Field Report: AudioSonix

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Field Report: AudioSonix

Nov 1, 2001 12:00 PM, Lee Shephard

Of all the magic that I've seen over the years, the ability to send broadcast quality audio anywhere in the world via the Web is way up there on my top ten list. Being with a company that delivers corporate news and information to radio stations, this development has given us options that we had no idea would be here so soon. I think radio stations were surprised too, but now that more and more commercials are arriving over the Internet, it's gotten their attention too. As advertising agencies realize that their deadlines can be extended by shipping MP3 commercial spots via the Web, this method will soon become the standard delivery system.

File transfers At News Broadcast Network we began bouncing MP3 files between our three studios almost two years ago and quickly realized that it had its downside. First, despite the data compression, MP3 files are a bit heavy. Most of our 60-second productions are close to 1MB, which is not a problem for most e-mail boxes, but modem connections can take five minutes or longer to transfer one spot. DSL would solve this problem, but DSL is not available everywhere.

AudioSonix came to my rescue. Frankly, I didn't fully realize I had been released from MP3 e-mail jail until I had been using the program for a few days. No longer did I have to fear opening my e-mail and having a 3- or 4MB download begin. With AudioSonix, MP3 files are held until it is convenient for me to download them. There is even an automatic download feature that can be set to download at any designated time.

Also, I no longer have to worry about limiting the number of audio files I send at any given time for fear of overloading someone else's system. Recipients can download the files as they need them, when they need them. The audio files sit on the AudioSonix server until they are retrieved. The only point of caution is to not put too many files in one package. When a package is downloaded, all the files in that particular package are loaded onto the recipient's computer. You can also easily send text files along with audio files. I usually include only one or two MP3 files plus some text in each package. With the group-management options built into the AudioSonix software, the same package can be sent to an unlimited number of locations with a single click.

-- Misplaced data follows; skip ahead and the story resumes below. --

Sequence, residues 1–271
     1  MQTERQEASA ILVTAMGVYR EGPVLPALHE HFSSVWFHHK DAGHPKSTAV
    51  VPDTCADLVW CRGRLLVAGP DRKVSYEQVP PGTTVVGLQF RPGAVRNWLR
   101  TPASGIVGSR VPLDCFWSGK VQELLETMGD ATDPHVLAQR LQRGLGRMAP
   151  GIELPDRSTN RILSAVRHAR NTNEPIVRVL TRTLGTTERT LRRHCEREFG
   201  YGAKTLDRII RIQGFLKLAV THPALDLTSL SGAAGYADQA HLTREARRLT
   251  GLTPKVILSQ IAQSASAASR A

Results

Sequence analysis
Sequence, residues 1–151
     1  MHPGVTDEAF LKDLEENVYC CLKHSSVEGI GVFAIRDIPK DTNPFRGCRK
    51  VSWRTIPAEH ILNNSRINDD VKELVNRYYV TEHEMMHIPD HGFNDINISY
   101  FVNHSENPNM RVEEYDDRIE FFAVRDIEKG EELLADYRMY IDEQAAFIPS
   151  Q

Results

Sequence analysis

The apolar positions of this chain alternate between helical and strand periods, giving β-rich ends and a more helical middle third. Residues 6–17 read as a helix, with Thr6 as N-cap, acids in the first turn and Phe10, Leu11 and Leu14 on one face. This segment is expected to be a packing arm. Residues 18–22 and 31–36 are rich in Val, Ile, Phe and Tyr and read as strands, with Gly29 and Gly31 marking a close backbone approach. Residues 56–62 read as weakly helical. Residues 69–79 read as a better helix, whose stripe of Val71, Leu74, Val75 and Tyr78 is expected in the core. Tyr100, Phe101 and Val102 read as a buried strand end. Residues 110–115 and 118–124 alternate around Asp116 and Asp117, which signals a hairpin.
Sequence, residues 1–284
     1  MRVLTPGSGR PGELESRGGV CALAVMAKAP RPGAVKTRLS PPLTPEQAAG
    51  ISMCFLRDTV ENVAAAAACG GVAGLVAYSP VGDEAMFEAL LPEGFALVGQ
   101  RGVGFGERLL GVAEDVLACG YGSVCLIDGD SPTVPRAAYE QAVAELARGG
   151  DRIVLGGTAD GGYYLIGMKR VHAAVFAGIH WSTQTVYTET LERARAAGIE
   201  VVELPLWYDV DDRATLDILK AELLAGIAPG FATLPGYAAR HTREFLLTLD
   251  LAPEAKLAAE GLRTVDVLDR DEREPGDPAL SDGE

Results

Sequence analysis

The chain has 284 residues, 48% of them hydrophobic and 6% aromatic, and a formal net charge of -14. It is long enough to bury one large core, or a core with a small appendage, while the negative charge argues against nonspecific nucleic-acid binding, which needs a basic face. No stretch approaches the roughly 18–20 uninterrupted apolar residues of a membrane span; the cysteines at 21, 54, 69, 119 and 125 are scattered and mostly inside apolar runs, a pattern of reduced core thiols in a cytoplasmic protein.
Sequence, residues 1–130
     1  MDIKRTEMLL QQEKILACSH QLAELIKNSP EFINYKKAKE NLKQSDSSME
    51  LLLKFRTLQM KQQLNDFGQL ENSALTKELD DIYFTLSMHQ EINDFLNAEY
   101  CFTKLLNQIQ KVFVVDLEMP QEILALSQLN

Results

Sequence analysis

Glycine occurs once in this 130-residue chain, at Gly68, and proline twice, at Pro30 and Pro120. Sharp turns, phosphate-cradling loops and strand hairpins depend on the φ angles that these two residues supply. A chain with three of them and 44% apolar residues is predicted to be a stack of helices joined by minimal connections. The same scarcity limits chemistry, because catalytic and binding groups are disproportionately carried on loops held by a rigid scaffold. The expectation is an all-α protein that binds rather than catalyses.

No PC? No problem Non-PC users can send and receive files via the AudioSonix website. From the site, you can login, create packages, send packages, receive packages, track deliveries and check the status of your account. The packages you send can be received in the AudioSonix software or from the Media Management Web interface.

The smallest package holds up to 1.5MB, or about 90 seconds of audio, and costs $5. My only disappointment with AudioSonix is not with the company itself, but with the fact that I wish more stations were signed up with accounts waiting for my spots. Instead, I find myself spending time trying to convince them to download the software (1.5MB). The receiving software is free. The charge is only for sending files. The stations and networks that receive our files via the system have nothing but praise for its efficiency.

Thanks to AudioSonix, I think my 56K modem and I are going to be roommates for a long time to come.

Editor's note: Field Reports are an exclusive BE Radio feature for radio broadcasters. Each report is prepared by well-qualified staff at a radio station, production facility or consulting company. These reports are performed by the industry, for the industry. Manufacturer support is limited to providing loan equipment and to aiding the author if requested.

It is the responsibility of BE Radio to publish the results of any device tested, positive or negative. No report should be considered an endorsement or disapproval by BE Radio.

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